The polarities of different yoga practices & ways of exercising
By nature, we all have the predisposition to approach our exercise regime, and included in that our yoga practice, from one end of the scale or the other. That’s to say we naturally gravitate towards, what could be classified as a more Yin or Yang style of yoga and fitness. As yogis, we tend to be separated into those who prefer to hit it hard in dynamic practices such as power yoga or Astanga, and those who prefer a mellower approach focused on gentle stretching and meditation.
Correspondingly power Astangis are often full-on with the other activities in their life, choosing sports and pastimes whereby they have to push themselves physically and mentally. Whereas their opposite end of the scale counterpart just prefers to go for a gentle amble or simply chill out on the sofa in their spare time.
What is Yin Yang Theory?
Thousands of years ago the ancient Daoists of China evolved a precise and uncomplicated language in which to explain the universe in opposing terms, known as Yin yang theory. And it’s through this lens of Yin and Yang that we can begin to observe our tendencies towards ways of expressing our energy. Through its teachings, we can begin to understand the importance of striking a balance between that which naturally attracts us and that which we often disregard.
Yang is used when describing the outwardly visible, transient, moving aspects of life; represented by masculinity, light, the Spring and summer. Yin, on the other hand, manifests as those things which we don’t at first notice, as the solid and dense aspects of life; represented by the dark and feminine, by the autumn and winter.
However, whilst Yin And Yang are ways of thinking about the opposites of the world, we must realise that in fact, they represent two sides of the same coin. Fundamental to this notion is the understanding that no one element could exist without the other. Because without the darkness we would not recognise what is light, as is with happy to sad, The Sun to The Moon, and down to up. So too it is with exercise that we have Yin or Yang like ways to use and move our bodies and minds.
See posts from The 5 Elements and Eastern Medicine for explanations of how Yin Yang theory correlates with The 5 Phases.
Stressing muscles and joints
When we go to the gym we put stress on our muscles that in turn makes us stronger. This type of exercise constitutes temporarily breaking ourselves to then remake ourselves into a new and improved model. But this remaking of stronger muscles happens in the Yin like period of rest and regeneration, not the Yang energy of the training itself. And in the case of overtraining, where someone doesn’t allow rest periods for muscle regeneration to happen, this stress on the body can become injurious.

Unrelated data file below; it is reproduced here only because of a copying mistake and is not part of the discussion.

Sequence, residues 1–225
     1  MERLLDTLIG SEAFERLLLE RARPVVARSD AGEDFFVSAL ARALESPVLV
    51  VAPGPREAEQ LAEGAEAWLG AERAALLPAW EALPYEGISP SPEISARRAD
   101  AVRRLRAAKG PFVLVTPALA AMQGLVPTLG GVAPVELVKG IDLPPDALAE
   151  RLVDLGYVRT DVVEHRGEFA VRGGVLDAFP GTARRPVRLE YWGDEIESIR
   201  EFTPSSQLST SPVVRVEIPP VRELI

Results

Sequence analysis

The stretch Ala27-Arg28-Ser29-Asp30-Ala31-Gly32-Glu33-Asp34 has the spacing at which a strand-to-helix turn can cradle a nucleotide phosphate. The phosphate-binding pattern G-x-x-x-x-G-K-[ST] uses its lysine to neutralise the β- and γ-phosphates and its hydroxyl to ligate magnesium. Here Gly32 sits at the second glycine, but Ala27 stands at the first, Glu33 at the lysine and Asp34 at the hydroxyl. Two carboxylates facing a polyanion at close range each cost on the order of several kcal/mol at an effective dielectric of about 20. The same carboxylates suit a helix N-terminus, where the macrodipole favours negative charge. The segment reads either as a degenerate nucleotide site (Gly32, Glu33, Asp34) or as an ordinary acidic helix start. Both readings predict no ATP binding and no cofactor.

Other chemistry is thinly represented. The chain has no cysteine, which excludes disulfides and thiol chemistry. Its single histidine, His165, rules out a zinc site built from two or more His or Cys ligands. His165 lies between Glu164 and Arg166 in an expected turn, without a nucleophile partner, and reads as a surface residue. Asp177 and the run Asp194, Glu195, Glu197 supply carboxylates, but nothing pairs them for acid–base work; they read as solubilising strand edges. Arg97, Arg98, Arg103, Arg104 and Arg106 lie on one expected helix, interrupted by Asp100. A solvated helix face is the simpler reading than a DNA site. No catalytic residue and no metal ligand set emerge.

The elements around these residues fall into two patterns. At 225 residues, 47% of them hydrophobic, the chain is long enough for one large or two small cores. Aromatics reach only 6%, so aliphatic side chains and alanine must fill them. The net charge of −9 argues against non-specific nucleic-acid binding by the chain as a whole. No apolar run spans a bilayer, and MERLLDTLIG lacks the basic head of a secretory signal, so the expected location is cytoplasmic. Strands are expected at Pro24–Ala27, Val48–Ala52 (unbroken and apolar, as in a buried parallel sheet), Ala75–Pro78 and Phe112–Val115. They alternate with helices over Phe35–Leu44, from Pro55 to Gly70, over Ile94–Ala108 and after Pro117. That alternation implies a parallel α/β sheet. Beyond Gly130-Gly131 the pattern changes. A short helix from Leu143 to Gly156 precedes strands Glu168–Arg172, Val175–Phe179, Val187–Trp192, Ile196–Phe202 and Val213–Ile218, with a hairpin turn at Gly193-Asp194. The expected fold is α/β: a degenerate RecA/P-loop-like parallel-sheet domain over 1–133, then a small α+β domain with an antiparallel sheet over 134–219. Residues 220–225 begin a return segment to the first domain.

However, what many people don’t realise is that our joints also need an appropriate amount of stress to remain healthy. The difference is that our joints are considered ‘plastic tissues’ in comparison to their more ‘elastic’ muscular counterparts, making them tougher and more brittle than the belly of a muscle. This means that dynamic movement at the joint once it’s reached its full range of motion (ROM) could be potentially injurious to the joint in question.
This is why in contrast to Yang like forms of yoga, minimal movement is encouraged in a Yin yoga practice. Instead, the long sustained holds of Yin yoga use time and gravity to work to the edges of your joints ROM, but not to the limit. Working to about a 60-70% of your capacity is often cited as a guide in Yin yoga.
Find out more about Yin yoga, its benefits and approaches to teaching and practising Yin, on the Flow section of the Ocean Flow fitness website.
Why stress the joints?
So why stress the joints? Well as we have seen, joints are subject to the same laws as the rest of the body. And just as muscles can atrophy through hours spent going from the car, to the desk, to the sofa…so too can our joints atrophy. Injury can also be a factor in joint immobilisation, as protective patterns of behaviour initiated by the body in the acute stage of injury, then form into chronically held postural patterns.
It’s crucial to use awareness when exercising the joints, taking particular care to find the sweet spot; where the tension can be felt enough to stimulate the flow of hydration in its surrounding tissues, but not pushing these less responsive tissues to a place from which there is no chance of recoil. By applying the safe and appropriate amount of stress to our physiology, depending on whether we’re working with Yin or yang like tissues, we can help to keep all of our structure and systems in optimal health.
So like the little black dot within the white swirl of the Yin Yang, the key to a well-rounded yoga practice and complimentary exercise regime is the balancing of that which comes naturally to you with that which doesn’t. And it’s this balance which is the key to the longevity of your practice and sport of choice, whatever shape or form it might take on.
In My Element
For an in-depth look at how to integrate the principles discussed in this blog to your yoga and mindfulness practices, check out the new book from Flow Publications: